IMPORTANT NEWS: National Electric Vehicle Sweden has agreed to buy the assets of Saab Automobile and the sale is expected to be finalized during the summer.

Monday, March 5, 2012

Youngman closing in on Saab?

Last week Chinese Zhejiang Youngman Lotus Automobile travelled from China to Sweden with one goal: To return back to China with an agreement to buy Saab Automobile from the bankruptcy administrators. Time will tell if they can succeed.

A large delegation arrived from China last week. Present were founder and Chairman of Youngman, Pang Qingnian, his daughter and CEO of Youngman Automobile Rachel Pang, and also a representative from their Chinese bank, allegedly the Bank of China.

"They do not wish to return home without the green light on the acquisition," a source told Swedish news agency TT.

To Swedish Radio P4 Väst Youngman's Chairman Pang Qingnian said:

"In any case we will do our best. If Sweden gives us the opportunity to buy Saab, we will do our very best to revive Saab."

After meeting the bankruptcy administrators in Gothenburg on Friday, the Chinese delegation travelled on to Stockholm on Saturday to continue the negotiations.

Youngman would not make any comments on Saturday, but their Swedish spokesman and lawyer, Johan Nylén, said that the talks were at a very intensive stage had been "very positive".

But why is Youngman so keen on acquring Saab? Youngman's Chairman Pang Qingnian gave some insight to radio P4 Väst:

"First and foremost because Saab is a well known brand and because Saab has a good management. Saab has a team that can build cars of high quality and with a good reputation. Saab is a good brand and if it were to disappear, we would be very very sorry," Pang Qingnian said.

From an interview several years ago we know that Pang Qingnian's ambitions are to develop and build cars of high quality:

"I want to produce automobiles with high quality, low energy consumption, low costs and low prices. From the aspect of strategy, we will win the market through high quality and low pricing. This is the direction of my future strategy. Let more consumers, spend relatively little money to buy good vehicles," Pang Qingnian said.

And Youngman has certainly shown the interest to acquire high quality manufacturer Saab the past year. For us looking from the outside at Saab's struggle to survive, Youngman has maybe not always looked credible and trustworthy when promised money to save Saab from bankruptcy was not paid. But this is business, and in business there is seldom room for charity and compassion. Only fools would time and time again make payments without any guarantee of something in return. In addition, it has been said that Youngman had trouble getting the needed money out of China. But now that has changed:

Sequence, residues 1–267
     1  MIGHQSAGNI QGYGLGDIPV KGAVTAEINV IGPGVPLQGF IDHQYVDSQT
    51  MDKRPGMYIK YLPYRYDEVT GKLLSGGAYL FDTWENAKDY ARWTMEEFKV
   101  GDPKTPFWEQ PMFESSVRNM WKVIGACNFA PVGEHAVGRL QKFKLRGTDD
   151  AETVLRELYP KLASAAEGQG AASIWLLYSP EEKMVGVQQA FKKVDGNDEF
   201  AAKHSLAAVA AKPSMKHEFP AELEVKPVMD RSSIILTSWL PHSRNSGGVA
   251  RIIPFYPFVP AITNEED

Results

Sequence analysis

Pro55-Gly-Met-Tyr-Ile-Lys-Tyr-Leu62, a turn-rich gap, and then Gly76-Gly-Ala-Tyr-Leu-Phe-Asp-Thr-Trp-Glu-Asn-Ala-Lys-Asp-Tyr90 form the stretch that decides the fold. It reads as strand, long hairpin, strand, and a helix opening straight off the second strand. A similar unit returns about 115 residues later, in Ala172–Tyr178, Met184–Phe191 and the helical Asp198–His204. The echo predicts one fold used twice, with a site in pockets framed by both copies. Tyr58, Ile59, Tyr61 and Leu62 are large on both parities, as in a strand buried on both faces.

"What we can say right now is that they are still working intensely with the acquisition. Youngman has the necessary funding in place," lawyer Johan Nylén told TTELA.

And if Youngman succeed in buying Saab, Chairman Pang Qingnian belives in a bright future for Saab and its emplyees:

"We have high confidence in the management [of Saab] and we believe that Saab with all the employees have a great future and if we get the opportunity to buy it, we welcome every employee back."

And to achieve this, Pang Qingnian is prepared to invest SEK 12 billions to develop new Saab models. Models which will first and foremost be based in Saab's Phoenix platform which is under development. But until then, the Chinese would like to produce Lotus cars in Trollhättan:

"Since GM has stopped the production of the 9-5, we would like to start producing Lotus [based?] cars while we invest to develop the Phoenix platform," said Pang Qingnian to TTELA.

Pang Qingnian could however not say when an acquisition could be finalized.

"We do not know when in time a transaction can be done. But the bankruptcy administrators are working quickly and are very positive."

According to lawyer Johan Nylén, General Motors is no longer a decisive factor for the Chinese to buy Saab.